Alex Marshall reports the update to a case in the U.K. previously mentioned on this blog. Marshall reports:
As well as the art on the gallery’s walls, visitors to Tate Modern in London have been able to stare at an unusual sight for the past few years: the apartments opposite.
Much to some residents’ annoyance, the 10th-story viewing platform at the gallery offers prime views of luxury apartments with floor-to-ceiling windows in several nearby towers.
In 2017, residents of four of the apartments mounted a legal challenge demanding that Tate close that side of the platform or at least put up screens, citing a “relentless” invasion of privacy from onlookers.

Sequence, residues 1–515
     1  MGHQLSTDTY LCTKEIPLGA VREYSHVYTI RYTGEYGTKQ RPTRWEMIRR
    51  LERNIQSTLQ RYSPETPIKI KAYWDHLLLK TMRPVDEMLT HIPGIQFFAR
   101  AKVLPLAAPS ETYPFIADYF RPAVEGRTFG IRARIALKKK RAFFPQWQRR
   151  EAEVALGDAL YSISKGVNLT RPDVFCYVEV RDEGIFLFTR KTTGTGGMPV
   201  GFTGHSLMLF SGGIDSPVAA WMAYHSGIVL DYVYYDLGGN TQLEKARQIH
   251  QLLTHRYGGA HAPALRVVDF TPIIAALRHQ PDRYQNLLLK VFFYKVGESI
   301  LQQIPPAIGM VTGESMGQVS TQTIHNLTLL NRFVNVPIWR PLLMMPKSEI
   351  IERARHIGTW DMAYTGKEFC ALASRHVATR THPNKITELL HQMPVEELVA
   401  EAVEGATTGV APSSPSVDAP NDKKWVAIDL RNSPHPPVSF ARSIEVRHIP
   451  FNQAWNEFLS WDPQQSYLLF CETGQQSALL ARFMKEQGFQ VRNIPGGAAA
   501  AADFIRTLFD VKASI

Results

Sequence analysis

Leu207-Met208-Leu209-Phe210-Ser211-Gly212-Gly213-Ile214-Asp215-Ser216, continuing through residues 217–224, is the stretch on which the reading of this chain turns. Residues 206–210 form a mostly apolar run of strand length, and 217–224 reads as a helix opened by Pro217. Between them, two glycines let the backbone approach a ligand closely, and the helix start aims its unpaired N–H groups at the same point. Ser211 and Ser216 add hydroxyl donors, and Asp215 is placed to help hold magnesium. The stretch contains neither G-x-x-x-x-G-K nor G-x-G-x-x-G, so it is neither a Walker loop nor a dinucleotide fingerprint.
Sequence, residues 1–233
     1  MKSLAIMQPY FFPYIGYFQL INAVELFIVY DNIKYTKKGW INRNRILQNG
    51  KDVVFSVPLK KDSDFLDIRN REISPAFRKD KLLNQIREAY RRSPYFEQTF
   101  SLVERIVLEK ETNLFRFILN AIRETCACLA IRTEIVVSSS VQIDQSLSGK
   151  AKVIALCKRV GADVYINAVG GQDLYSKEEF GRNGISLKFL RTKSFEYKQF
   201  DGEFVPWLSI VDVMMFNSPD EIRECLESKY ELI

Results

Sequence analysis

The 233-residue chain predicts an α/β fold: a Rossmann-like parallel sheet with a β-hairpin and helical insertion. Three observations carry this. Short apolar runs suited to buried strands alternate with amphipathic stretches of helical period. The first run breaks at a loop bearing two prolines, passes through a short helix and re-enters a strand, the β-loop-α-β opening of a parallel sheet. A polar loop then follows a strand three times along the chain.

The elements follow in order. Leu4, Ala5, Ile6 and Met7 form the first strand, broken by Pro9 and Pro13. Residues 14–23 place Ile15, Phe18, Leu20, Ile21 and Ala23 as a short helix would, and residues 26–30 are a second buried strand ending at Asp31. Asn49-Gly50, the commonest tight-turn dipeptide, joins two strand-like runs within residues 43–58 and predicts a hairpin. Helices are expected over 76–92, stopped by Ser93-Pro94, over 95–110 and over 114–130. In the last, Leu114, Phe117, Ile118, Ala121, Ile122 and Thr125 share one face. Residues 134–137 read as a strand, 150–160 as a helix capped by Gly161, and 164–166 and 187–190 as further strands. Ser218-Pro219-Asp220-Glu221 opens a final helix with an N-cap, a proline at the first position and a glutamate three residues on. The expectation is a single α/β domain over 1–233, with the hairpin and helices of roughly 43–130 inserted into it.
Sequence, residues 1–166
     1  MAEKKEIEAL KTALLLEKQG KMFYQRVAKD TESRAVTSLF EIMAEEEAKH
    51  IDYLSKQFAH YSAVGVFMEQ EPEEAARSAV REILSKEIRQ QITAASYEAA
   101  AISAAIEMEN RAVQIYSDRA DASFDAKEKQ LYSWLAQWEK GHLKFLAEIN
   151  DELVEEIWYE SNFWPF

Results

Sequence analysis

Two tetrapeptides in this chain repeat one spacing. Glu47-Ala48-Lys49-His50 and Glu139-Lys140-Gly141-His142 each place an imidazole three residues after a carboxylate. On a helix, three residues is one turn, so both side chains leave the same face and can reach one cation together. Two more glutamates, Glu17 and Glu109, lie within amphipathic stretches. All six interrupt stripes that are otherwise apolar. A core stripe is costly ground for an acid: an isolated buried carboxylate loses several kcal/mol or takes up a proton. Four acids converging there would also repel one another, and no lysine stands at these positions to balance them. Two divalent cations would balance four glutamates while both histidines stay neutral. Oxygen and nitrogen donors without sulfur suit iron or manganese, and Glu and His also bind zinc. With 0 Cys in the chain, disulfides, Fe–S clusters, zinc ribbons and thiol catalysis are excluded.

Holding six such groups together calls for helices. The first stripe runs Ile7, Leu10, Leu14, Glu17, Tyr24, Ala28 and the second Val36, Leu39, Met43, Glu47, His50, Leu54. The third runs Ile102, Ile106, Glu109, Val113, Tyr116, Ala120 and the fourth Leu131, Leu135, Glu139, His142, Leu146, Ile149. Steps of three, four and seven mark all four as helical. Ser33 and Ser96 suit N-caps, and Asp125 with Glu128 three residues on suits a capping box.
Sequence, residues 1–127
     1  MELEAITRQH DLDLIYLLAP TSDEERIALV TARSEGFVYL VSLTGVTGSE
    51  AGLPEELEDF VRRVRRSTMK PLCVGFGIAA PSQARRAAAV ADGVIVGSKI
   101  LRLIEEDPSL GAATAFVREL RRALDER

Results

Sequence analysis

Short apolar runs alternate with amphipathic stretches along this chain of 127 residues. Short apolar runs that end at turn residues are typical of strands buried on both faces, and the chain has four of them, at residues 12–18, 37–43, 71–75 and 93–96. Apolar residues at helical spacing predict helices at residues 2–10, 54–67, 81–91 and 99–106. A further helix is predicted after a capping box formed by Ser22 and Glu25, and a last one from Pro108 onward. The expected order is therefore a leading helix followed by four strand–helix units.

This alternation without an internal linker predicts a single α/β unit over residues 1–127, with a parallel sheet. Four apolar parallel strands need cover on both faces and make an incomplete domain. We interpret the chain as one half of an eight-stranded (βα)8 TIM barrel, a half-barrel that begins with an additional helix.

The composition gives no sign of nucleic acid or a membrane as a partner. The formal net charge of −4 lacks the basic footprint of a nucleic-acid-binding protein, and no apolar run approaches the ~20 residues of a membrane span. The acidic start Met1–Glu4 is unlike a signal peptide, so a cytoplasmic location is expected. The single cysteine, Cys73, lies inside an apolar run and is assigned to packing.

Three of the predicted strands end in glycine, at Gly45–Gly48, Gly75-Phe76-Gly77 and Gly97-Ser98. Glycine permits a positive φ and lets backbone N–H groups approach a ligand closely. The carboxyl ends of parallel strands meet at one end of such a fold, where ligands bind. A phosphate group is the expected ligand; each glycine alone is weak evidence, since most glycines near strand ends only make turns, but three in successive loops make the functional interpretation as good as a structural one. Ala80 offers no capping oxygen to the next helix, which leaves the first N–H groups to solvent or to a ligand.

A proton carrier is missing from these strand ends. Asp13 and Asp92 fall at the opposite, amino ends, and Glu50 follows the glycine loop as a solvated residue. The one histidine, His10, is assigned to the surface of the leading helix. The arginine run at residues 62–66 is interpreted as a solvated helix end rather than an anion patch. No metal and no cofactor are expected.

Read more on New York Times.
As you can guess from the headline, the court did not give the apartment owners the relief that they sought. And in that respect, this ruling from a UK court is similar to a case in New York where the court found for photographer Arne Svenson who had taken pictures of people in their apartments using a telephoto lens and then had an exhibit of those photoes. But would the UK court have found it acceptable for people to not only photograph apartment dwellers using a telephoto lens but to exhibit any such photos? From Marshall’s reporting, it doesn’t sound like the court would have gone as far as the New York State Supreme Court went.
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